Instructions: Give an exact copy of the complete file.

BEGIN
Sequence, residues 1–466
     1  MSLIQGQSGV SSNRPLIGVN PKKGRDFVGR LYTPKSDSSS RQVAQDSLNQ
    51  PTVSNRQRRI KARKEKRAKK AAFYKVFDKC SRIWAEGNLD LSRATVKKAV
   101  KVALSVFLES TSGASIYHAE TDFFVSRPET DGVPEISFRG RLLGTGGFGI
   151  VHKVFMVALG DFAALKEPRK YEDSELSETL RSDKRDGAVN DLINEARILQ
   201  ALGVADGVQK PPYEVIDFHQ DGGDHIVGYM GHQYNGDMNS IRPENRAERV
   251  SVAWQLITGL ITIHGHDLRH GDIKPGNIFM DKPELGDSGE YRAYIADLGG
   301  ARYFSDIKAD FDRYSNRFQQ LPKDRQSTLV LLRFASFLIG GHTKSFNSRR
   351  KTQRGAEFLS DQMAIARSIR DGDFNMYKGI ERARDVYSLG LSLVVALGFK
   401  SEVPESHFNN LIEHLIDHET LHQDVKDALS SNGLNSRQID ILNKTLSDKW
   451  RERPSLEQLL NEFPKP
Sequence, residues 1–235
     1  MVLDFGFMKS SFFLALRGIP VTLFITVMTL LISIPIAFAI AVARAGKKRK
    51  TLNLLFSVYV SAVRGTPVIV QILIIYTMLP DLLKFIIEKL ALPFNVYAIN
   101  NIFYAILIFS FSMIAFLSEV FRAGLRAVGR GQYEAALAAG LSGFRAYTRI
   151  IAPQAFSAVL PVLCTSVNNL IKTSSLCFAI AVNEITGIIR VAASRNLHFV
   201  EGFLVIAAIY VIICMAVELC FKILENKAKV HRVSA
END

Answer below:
Sequence, residues 1–466
     1  MSLIQGQSGV SSNRPLIGVN PKKGRDFVGR LYTPKSDSSS RQVAQDSLNQ
    51  PTVSNRQRRI KARKEKRAKK AAFYKVFDKC SRIWAEGNLD LSRATVKKAV
   101  KVALSVFLES TSGASIYHAE TDFFVSRPET DGVPEISFRG RLLGTGGFGI
   151  VHKVFMVALG DFAALKEPRK YEDSELSETL RSDKRDGAVN DLINEARILQ
   201  ALGVADGVQK PPYEVIDFHQ DGGDHIVGYM GHQYNGDMNS IRPENRAERV
   251  SVAWQLITGL ITIHGHDLRH GDIKPGNIFM DKPELGDSGE YRAYIADLGG
   301  ARYFSDIKAD FDRYSNRFQQ LPKDRQSTLV LLRFASFLIG GHTKSFNSRR
   351  KTQRGAEFLS DQMAIARSIR DGDFNMYKGI ERARDVYSLG LSLVVALGFK
   401  SEVPESHFNN LIEHLIDHET LHQDVKDALS SNGLNSRQID ILNKTLSDKW
   451  RERPSLEQLL NEFPKP
Sequence, residues 1–235
     1  MVLDFGFMKS SFFLALRGIP VTLFITVMTL LISIPIAFAI AVARAGKKRK
    51  TLNLLFSVYV SAVRGTPVIV QILIIYTMLP DLLKFIIEKL ALPFNVYAIN
   101  NIFYAILIFS FSMIAFLSEV FRAGLRAVGR GQYEAALAAG LSGFRAYTRI
   151  IAPQAFSAVL PVLCTSVNNL IKTSSLCFAI AVNEITGIIR VAASRNLHFV
   201  EGFLVIAAIY VIICMAVELC FKILENKAKV HRVSA